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For the textbook, chapter, and section you specified we found
15 Assessment Questions
1 Molecular Structures
16 Journal Articles
4 Other Resources
Assessment Questions: First 3 results
Epoxides (5 Variations)
A collection of 5 assessment questions about Epoxides
Epoxides |
Reactions |
Oxidation / Reduction |
Synthesis
Enamines (6 Variations)
A collection of 6 assessment questions about Enamines
Aldehydes / Ketones |
Amines / Ammonium Compounds |
Synthesis
Carbohydrates (17 Variations)
A collection of 17 assessment questions about Carbohydrates
Carbohydrates |
Reactions |
Enantiomers |
Diastereomers |
Oxidation / Reduction |
Synthesis
View all 15 results
Molecular Structures: 1 results
Boron Hydride BH3

3D Structure

Link to PubChem

VSEPR Theory |
Gases |
Metalloids / Semimetals |
Synthesis

Journal Articles: First 3 results.
Pedagogies:
A Simple Assignment That Enhances Students' Ability To Solve Organic Chemistry Synthesis Problems and Understand Mechanisms  Jennifer Teixeira and R. W. Holman
Describes an original, easily implemented approach in which students construct a "functional group transformation" notebook which helps them to think about organic reactions in both the forward and the reverse (retrosynthetic) sense.
Teixeira, Jennifer; Holman, Robert W. J. Chem. Educ. 2008, 85, 88.
Mechanisms of Reactions |
Synthesis |
Student-Centered Learning
Evaluating the Internal Charge-Transfer in Benzylidene Derivatives of N,N′-Dimethylbarbituric Acid  Marcos Caroli Rezende, Francisco Jara, and Moisés Domínguez
Four benzylidene derivatives of N,N'-dimethylbarbituric acid are prepared and their UVvisible and 1H NMR spectra used to characterize the molecular internal charge-transfer in the molecules.
Rezende, Marcos Caroli; Jara, Francisco; Domínguez, Moisés. J. Chem. Educ. 2006, 83, 937.
Aqueous Solution Chemistry |
Aromatic Compounds |
Dyes / Pigments |
Molecular Properties / Structure |
NMR Spectroscopy |
Synthesis |
UV-Vis Spectroscopy
Synthesis of Unsymmetrical Alkynes via the Alkylation of Sodium Acetylides. An Introduction to Synthetic Design for Organic Chemistry Students  Jennifer N. Shepherd and Jason R. Stenzel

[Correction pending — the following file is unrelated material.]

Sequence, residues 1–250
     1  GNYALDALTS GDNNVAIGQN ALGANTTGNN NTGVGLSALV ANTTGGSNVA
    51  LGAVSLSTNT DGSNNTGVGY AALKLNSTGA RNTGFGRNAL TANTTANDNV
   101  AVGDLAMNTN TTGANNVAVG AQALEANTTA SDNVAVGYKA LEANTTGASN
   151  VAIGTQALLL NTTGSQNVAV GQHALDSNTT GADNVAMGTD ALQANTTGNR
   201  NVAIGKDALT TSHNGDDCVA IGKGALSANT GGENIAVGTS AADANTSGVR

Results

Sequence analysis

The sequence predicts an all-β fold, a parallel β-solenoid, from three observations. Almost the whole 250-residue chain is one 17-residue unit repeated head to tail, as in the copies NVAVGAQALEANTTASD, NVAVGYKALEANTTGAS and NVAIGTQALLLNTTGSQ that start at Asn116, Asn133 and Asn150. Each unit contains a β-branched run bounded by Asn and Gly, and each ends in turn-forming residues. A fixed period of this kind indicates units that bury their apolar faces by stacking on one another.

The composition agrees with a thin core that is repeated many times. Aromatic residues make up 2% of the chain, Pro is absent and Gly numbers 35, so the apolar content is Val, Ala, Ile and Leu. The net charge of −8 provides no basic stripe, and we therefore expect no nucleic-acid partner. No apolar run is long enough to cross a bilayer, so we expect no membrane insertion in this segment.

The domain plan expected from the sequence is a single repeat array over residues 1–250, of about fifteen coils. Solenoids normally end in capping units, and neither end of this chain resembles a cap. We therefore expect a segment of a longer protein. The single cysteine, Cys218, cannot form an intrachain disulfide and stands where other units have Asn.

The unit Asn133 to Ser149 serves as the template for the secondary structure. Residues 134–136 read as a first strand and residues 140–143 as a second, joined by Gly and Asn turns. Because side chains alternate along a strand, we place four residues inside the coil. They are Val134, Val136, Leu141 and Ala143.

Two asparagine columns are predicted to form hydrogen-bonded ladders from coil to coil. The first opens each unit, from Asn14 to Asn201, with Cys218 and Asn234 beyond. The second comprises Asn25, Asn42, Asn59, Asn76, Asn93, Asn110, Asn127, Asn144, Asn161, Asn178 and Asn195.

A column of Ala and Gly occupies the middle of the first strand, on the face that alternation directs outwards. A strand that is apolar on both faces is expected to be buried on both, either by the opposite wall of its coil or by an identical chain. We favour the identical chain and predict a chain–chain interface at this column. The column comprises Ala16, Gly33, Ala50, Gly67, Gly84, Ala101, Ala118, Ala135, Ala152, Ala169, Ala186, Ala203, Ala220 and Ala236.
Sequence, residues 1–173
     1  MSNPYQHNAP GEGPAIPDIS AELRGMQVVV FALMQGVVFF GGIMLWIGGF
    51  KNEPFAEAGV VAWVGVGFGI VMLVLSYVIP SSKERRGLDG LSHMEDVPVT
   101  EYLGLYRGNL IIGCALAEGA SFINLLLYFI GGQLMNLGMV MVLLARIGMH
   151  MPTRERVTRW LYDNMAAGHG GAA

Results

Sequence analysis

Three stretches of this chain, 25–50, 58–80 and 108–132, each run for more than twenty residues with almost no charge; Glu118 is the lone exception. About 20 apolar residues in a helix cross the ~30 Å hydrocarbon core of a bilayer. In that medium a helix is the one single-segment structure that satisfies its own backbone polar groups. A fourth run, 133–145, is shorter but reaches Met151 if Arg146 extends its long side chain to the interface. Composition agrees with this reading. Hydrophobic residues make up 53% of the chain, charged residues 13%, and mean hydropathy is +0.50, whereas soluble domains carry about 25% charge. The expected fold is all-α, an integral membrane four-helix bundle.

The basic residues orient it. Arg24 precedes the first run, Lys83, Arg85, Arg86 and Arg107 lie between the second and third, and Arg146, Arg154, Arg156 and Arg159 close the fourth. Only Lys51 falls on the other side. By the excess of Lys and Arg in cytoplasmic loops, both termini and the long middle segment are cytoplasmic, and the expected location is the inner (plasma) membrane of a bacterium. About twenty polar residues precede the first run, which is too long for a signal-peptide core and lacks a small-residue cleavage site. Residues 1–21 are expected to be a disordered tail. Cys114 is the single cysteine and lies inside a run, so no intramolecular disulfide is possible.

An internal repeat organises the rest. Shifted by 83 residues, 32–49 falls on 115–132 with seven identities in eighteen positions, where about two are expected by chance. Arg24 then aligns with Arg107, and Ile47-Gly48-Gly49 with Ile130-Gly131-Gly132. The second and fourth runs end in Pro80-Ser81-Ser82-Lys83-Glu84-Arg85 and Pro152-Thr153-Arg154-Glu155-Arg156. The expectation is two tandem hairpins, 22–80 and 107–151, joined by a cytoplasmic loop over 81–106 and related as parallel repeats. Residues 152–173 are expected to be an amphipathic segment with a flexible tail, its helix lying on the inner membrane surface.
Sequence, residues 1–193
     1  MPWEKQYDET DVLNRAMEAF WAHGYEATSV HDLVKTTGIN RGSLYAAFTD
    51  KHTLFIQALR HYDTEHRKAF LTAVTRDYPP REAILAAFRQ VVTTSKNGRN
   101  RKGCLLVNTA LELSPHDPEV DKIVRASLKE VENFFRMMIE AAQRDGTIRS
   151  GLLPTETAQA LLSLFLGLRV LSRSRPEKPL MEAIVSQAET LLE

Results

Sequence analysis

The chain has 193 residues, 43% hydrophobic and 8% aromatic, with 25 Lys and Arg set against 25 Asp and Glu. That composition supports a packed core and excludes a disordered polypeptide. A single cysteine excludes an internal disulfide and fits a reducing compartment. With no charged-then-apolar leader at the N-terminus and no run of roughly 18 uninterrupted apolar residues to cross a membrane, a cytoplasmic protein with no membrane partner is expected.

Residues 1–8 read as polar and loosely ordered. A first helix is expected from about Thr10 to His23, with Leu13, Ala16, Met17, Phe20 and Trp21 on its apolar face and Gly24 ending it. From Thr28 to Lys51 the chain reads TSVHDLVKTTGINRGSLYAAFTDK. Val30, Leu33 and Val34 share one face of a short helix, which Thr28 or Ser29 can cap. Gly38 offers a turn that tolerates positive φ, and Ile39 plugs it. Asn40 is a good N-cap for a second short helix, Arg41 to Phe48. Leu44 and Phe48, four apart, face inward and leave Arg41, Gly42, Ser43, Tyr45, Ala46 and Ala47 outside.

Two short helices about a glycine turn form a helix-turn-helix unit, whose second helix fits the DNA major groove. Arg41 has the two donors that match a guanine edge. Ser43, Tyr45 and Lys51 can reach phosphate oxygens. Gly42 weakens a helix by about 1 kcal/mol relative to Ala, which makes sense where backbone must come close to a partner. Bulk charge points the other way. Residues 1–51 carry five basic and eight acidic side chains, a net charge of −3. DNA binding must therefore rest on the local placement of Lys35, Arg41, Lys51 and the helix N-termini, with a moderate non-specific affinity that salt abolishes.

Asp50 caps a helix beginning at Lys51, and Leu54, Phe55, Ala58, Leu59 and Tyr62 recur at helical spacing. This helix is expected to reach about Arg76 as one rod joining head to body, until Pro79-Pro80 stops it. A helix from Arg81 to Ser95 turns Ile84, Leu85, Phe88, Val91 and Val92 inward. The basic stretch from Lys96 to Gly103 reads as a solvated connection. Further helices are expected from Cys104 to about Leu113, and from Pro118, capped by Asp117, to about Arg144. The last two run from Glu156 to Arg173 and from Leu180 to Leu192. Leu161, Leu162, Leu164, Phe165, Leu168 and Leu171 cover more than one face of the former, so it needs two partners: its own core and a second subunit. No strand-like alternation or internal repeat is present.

Teams of students design a microscale synthesis of an unsymmetrical alkyne using commercially available terminal alkynes and alkyl halides and characterize the resulting products using TLC, IR, and 1H NMR spectroscopy. Depending on the chosen reactants, students observe both substitution and elimination products, or in some cases, no reaction at all.
Shepherd, Jennifer N.; Stenzel, Jason R. J. Chem. Educ. 2006, 83, 425.
Alkylation |
Alkynes |
Elimination Reactions |
IR Spectroscopy |
Microscale Lab |
NMR Spectroscopy |
Nucleophilic Substitution |
Synthesis
View all 16 articles
Other Resources: First 3 results
Percent Yield  Ed Vitz, John W. Moore
A section of ChemPrime, the Chemical Educations Digital Library's free General Chemistry textbook.
Synthesis
Molecular Models of Products and Reactants from Suzuki and Heck Syntheses  William F. Coleman
Our Featured Molecules this month come from the paper by Evangelos Aktoudianakis, Elton Chan, Amanda R. Edward, Isabel Jarosz, Vicki Lee, Leo Mui, Sonya S. Thatipamala, and Andrew P. Dicks (1), in which they describe the synthesis of 4-phenylphenol using an aqueous-based Suzuki reaction. The authors describe the various ways in which this reaction addresses concerns of green chemistry, and point out that their product bears structural similarity to two non-steroidal anti-inflammatory drugs (NSAIDs), felbinac and diflunisal. A number of molecules from this paper and its online supplemental material have been added to the Featured Molecules collection. Students will first notice that the aromatic rings in the molecules based on a biphenyl backbone are non-planar, as is the case in biphenyl. If they look carefully at diflunisal, they will notice that the carbon atoms are in a different chemical environment. One way in which to see the effect of these differing environments is to examine the effect of atom charge on the energies of the carbon 1s orbitals. Figure 1 shows this effect using charges and energies from an HF/631-G(d) calculation. A reasonable question to ask students would be to assign each of the data points to the appropriate carbon atom. As an extension of this exercise students could produce similar plots using different computational schemes. Are the results the same; are they parallel. This would be a useful problem when dealing with the tricky question of exactly what is meant by atom charge in electronic structure calculations. Students with more expertise in organic chemistry could explore extending the synthesis of 4-phenylphenol to produce more complex bi- and polyphenyl-based drugs. This may well be the first time that they have seen coupling reactions such as the Suzuki and Heck reactions. Students in introductory and non-science-major courses might well find the NSAIDs to be an interesting group of molecules, and could be asked to find information on the variety of molecules that display the anti-inflammatory properties associated with NSAIDs. Do they find structural similarities? Are there various classes of NSAIDs? Are they familiar with any of these molecules? Have they taken any NSAIDs? If so, for what reason? Is there any controversy about any of the NSAIDs? As with all of the molecules in the Featured Molecules collections, those added this month provide us with a number of ways of showing students the practical relevance of what they sometime see only as lines on a page. Molecules do matter.
Synthesis
Creative Chemistry  
Volume 04, issue 15 of a series of leaflets covering subjects of interest to students of elementary chemistry distributed in 1929 - 1932.
Applications of Chemistry |
Synthesis
View all 4 results